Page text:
Page **1** of **1**

### Working out battery internal resistance.

Posted: **Sat Jan 08, 2011 7:24 am**

by **retepsnikrep**

Maths help chaps please.

OK we know to work out IR we measure unloaded voltage, then measure voltage with a load attached. If we know the current flowing we can work out the resistance of the combined load + battery. Then we can dedcut the load R and work out battery IR. Fine

But I don't know the R of the load as i want use the IMA motor to provide the load.

So can I still work out the IR of the battery with known accurate current and voltages but no data for the load?

Any good ideas.

### Re: Working out battery internal resistance.

Posted: **Sat Jan 08, 2011 10:53 am**

by **dillond666**

So can I still work out the IR of the battery with known accurate current and voltages but no data for the load?

Somehow I would doubt it. That lets you work out power but you still won't know the load and supply impedances.

Using a motor for the load makes words like impedance, inductance and saturation pop into my head.......scary.

Bearing in mind I only know enough to be (very) dangerous, I would be tempted to abort mission and use some cooker or kettle elements

for your load as a resistive load sounds easier to me.

Derek

### Re: Working out battery internal resistance.

Posted: **Sat Jan 08, 2011 12:09 pm**

by **Jeremy**

If you can measure the current flowing from the battery and the battery terminal voltage (right at the battery terminals) then that is all you need to work it out.

Here's the procedure:

Connect an accurate voltmeter directly to the battery terminals and an accurate ammeter in series with battery power cable. It's important that you measure the voltage at the actual battery terminals, and not at the connecting lead side of them, because there may well be a small resistance at the lead connection.

Apply a load to the battery that draws a typical operating current, just for a few moments to bleed off any surface charge.

Turn off the load and record the battery voltage.

Apply the load again and record both the battery voltage and the load current at the same instant.

Do the following calculation:

Ri = (V1 - V2) / I

where:

Ri = the battery internal resistance in ohms

V1 = the initial voltage with no load

V2 = the voltage under load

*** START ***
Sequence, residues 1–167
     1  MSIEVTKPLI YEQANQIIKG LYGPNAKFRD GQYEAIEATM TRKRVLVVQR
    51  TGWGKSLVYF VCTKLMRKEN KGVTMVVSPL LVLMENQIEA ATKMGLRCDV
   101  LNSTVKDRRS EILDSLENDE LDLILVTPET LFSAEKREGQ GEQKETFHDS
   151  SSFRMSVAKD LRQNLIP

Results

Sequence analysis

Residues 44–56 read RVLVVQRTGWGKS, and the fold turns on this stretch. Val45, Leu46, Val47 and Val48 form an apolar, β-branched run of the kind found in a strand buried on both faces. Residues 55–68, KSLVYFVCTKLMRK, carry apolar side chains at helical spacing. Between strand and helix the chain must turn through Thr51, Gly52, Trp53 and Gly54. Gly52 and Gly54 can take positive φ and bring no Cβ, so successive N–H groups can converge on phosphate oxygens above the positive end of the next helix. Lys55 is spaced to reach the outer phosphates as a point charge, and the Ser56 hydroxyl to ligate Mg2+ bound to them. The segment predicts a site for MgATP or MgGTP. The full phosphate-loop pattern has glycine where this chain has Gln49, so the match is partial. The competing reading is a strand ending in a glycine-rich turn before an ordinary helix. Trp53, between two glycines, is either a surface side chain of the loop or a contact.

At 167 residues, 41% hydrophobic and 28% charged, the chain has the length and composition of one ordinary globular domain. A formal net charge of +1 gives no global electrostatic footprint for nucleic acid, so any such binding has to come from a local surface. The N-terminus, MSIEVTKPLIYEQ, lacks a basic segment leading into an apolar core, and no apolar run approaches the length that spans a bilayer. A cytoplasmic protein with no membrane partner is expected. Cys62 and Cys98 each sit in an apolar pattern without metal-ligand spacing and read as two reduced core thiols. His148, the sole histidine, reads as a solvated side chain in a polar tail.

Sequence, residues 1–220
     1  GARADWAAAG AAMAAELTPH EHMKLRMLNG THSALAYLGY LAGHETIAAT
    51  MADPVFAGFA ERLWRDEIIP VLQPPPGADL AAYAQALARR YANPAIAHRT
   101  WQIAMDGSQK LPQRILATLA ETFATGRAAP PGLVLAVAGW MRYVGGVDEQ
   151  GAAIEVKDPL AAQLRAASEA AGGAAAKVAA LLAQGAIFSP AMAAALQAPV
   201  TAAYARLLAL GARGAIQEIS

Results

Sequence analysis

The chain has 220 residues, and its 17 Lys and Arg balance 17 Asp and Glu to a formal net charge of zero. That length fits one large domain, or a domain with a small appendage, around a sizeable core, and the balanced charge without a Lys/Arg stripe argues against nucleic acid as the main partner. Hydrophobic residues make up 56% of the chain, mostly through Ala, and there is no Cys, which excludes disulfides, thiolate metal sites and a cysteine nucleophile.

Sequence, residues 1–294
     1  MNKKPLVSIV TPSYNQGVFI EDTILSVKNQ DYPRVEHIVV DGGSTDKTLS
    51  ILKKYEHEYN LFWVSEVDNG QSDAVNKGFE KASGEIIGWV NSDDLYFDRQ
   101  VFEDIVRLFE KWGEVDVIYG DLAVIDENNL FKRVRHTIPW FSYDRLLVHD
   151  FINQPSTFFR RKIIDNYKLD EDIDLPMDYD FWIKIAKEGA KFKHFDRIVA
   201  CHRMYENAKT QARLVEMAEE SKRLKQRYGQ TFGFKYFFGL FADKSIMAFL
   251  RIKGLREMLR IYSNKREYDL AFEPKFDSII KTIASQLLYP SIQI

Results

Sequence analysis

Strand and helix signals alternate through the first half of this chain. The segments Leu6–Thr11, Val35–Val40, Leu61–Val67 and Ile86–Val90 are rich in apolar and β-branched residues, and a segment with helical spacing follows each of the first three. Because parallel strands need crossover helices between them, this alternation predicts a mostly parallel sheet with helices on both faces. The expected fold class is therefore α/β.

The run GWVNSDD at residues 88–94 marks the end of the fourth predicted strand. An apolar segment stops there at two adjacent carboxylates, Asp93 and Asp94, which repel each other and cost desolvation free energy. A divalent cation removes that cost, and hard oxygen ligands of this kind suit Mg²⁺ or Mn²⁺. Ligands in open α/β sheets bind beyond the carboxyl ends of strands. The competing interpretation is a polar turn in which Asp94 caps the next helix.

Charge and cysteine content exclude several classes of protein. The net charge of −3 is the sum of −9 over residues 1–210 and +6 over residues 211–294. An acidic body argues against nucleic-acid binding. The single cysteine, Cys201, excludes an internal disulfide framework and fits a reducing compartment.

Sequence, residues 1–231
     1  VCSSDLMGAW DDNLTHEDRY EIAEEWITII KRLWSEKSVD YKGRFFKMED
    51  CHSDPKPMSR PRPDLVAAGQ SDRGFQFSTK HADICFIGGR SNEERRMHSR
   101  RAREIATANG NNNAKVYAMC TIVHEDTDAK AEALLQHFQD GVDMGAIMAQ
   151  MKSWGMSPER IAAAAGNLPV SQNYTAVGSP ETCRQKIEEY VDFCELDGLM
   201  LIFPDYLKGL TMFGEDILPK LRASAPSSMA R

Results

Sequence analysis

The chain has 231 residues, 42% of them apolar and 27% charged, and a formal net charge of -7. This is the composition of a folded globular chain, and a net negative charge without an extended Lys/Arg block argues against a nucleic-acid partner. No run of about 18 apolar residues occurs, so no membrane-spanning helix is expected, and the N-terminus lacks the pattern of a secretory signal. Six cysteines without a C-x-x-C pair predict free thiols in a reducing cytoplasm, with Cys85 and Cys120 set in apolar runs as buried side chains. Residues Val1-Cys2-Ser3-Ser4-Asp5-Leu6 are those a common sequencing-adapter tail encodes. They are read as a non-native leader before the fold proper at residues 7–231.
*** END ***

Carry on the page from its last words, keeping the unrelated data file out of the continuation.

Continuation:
I = the current under load

Here's a worked example, with some made up values:

V1 = 102.0 V

V2 = 99.85 V

I = 55.6 A

Ri = (102.0 - 99.85) / 55.6 = 0.0387 ohms

You'll find that Ri will vary with temperature and state of charge, BTW, so a range of measurements made under different conditions will give you a feel for the typical value.

Jeremy

### Re: Working out battery internal resistance.

Posted: **Sat Jan 08, 2011 1:17 pm**

by **dillond666**

Jeremy,

Easy when you know how

Another useful nugget learnt on this excellent forum.

Derek

### Re: Working out battery internal resistance.

Posted: **Sun Jan 09, 2011 6:07 am**

by **retepsnikrep**

Cheers Jeremy. It's like having a wise old man nurturing his offspring. No offence intended

### Re: Working out battery internal resistance.

Posted: **Sun Jan 09, 2011 9:10 am**

by **Jeremy**

Not that wise, I'm afraid, and not that old either (although I am now retired.........).

This method isn't super accurate, as it doesn't take true account of the effect of pulling pulsed power from the battery (to do that needs a measurement with a super-imposed AC component) but it's good enough for practical purposes and has the advantage of being easy to do.

If you want to do automated measurements on the fly, perhaps using a data logger or microcontroller measurement system, then you don't need to always do the off-load voltage measurement. The method will work by comparing the voltage and current drawn under different conditions, for example, if you have two measurements, one at 50A and 98.5V and one at 75A and 97.7V, then the formula is:

Ri = (V1 - V2) / (I2 - I1)

where:

V1 = voltage at current I1

V2 = voltage at current I2

For the example given this gives:

Ri = (98.5 - 97.7) / (75 - 50) = 0.032 ohms

Jeremy